- Design Team: LLP arkitektkontor AB
- Clients: Knivsta Kommun
- Collaborators: Nyréns
- City: Knivsta
- Country: Sweden
Text description provided by the architects. Adolfsbergsskolan is an innovative school building combining an ambitious pedagogical program and high standards for climate smart construction. The school is built as a passive house that fulfills the IGPH international standard. It requires a design free from thermal bridges and a building with an advantageous form factor (the relationship between the enclosing area and floor area).
The building of 8100 m2 is designed for 660 students from grade five to nine. It is situated in a new city district, Alsike Nord, that is currently under development along the railway connecting Stockholm and Uppsala.
The building is placed into the upper part of a slope leading towards the future railway station and center of the area. The main entrance connects the street side of the building to a courtyard with wide stairs leading down towards the school yard in south-west. In the northern part of the building there is a corresponding inner-atrium with similar wide stairs, designed for sitting, where the whole school can gather. The wide staircase connects the three levels of the school; the public facilities and cluster for creative subjects and science on the entrance level, classrooms for grades 5-6 on the lower level and classrooms for grades 7-9 on the upper level.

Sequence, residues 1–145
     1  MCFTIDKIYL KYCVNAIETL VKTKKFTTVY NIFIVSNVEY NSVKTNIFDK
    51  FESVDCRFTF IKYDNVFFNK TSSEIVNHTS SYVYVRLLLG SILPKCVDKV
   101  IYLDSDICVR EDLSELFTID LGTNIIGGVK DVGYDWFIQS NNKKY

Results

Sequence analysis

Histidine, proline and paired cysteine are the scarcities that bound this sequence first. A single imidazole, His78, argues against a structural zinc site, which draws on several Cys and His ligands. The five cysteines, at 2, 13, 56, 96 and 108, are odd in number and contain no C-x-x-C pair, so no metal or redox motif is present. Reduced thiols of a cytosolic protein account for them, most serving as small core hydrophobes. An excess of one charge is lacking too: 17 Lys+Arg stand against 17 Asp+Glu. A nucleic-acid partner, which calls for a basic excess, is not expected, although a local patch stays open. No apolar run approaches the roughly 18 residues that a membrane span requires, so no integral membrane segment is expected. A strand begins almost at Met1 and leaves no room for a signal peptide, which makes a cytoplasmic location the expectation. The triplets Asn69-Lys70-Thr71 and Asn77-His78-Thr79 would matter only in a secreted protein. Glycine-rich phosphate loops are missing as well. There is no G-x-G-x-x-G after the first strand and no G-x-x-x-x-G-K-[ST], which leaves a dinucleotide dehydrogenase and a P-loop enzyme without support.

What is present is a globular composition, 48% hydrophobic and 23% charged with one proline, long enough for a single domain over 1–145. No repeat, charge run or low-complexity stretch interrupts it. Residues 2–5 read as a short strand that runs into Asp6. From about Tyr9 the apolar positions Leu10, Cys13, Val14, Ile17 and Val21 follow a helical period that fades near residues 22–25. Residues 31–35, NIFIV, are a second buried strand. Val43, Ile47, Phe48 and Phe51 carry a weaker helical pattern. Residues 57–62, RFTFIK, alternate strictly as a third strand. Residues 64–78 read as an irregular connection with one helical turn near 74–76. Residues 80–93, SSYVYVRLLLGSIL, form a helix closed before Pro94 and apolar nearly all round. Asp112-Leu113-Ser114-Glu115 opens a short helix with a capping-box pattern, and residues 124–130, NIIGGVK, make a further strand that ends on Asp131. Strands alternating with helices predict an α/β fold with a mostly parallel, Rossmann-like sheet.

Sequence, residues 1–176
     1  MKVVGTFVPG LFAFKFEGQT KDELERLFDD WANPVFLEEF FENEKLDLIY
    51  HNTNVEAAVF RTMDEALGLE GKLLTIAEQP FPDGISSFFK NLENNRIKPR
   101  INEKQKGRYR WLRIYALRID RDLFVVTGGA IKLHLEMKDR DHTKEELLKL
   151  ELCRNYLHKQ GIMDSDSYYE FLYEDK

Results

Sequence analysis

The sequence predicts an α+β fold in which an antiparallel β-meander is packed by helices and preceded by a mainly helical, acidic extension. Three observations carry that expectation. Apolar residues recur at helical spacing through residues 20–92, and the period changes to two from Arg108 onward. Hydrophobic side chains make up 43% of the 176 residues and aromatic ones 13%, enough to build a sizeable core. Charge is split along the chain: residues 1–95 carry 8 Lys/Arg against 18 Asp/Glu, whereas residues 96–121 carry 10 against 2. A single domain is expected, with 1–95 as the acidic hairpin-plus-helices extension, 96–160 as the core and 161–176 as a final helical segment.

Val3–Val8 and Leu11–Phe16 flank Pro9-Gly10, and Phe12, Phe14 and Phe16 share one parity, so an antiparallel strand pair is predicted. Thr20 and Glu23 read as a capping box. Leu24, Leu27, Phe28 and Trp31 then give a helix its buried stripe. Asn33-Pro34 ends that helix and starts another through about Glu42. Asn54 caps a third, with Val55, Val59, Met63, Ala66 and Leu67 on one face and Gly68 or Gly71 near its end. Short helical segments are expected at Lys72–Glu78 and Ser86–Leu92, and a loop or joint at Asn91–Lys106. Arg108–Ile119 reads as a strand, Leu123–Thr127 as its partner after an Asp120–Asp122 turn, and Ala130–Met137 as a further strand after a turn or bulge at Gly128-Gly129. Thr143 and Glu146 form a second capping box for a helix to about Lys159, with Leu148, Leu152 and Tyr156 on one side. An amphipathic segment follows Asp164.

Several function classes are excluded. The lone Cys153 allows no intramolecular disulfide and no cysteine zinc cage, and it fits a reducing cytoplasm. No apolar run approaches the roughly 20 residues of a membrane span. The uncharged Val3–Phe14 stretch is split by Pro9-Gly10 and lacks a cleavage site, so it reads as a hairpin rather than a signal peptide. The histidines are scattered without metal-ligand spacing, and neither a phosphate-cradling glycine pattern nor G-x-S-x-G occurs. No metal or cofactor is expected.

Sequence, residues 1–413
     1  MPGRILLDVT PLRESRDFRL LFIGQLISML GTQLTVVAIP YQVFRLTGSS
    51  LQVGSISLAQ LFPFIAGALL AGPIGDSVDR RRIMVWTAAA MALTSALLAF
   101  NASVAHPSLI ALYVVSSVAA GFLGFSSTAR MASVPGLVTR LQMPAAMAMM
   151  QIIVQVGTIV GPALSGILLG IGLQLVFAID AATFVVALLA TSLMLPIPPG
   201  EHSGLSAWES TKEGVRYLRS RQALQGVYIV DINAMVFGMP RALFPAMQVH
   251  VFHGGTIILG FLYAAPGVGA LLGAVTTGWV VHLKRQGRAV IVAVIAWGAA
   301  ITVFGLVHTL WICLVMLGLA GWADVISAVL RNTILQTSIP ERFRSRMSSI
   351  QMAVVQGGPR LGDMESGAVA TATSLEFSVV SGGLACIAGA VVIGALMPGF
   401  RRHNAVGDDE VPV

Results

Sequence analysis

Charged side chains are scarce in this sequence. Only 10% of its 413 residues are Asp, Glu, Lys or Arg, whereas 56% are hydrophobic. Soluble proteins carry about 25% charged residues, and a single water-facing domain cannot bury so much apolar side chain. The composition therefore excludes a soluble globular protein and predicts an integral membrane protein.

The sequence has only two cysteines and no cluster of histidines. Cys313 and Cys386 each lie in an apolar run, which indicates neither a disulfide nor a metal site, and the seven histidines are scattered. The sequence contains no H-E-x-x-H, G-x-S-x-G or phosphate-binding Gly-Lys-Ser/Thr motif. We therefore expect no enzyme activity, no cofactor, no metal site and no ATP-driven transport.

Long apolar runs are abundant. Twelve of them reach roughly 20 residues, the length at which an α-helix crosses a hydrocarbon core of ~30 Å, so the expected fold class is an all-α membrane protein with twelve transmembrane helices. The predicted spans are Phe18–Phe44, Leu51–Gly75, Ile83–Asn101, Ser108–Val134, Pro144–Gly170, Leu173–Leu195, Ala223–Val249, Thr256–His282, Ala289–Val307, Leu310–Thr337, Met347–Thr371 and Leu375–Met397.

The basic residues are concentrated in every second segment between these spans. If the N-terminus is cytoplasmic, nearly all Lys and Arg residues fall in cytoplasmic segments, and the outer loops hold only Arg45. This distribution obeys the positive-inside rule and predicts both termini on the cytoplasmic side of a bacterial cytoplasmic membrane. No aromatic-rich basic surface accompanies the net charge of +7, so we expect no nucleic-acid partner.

All classrooms are larger than normal to provide for a flexible use of the space. By furnishing the classroom in different ways the students can work together in large or small groups or individually and more secluded along the walls. All classrooms are organized around an open square for studying that provides additional opportunities to work individually or in groups as well as the possibility to gather large groups in the big common stairs for lectures or performances.
The interior is designed to enable the whole school to work as a place for learning. Color scheme and selection of materials has been chosen to create a calm and harmonic environment with the best possible acoustics. Wooden paneling in pine, boards of birch and all other materials have been used in their natural color combined with colored features in various green tones.
The exterior of the building is divided vertically by strips of ribbon windows that stretches along all sides of the building, dividing it into a concrete base, and a wooden facade of vertical larch panels. The facades in larch are fastened without visible screws. The facades facing the main entrance to the east and the schoolyard to the west are characterized by a series of gabled roofs resembling an industrial roof, which is also suitable for solar cells. The wide concrete stairs of the courtyard that connects the entrance with the school yard has scattered wooden benches for sitting. Concrete canopies with circular holes mark the main entrances.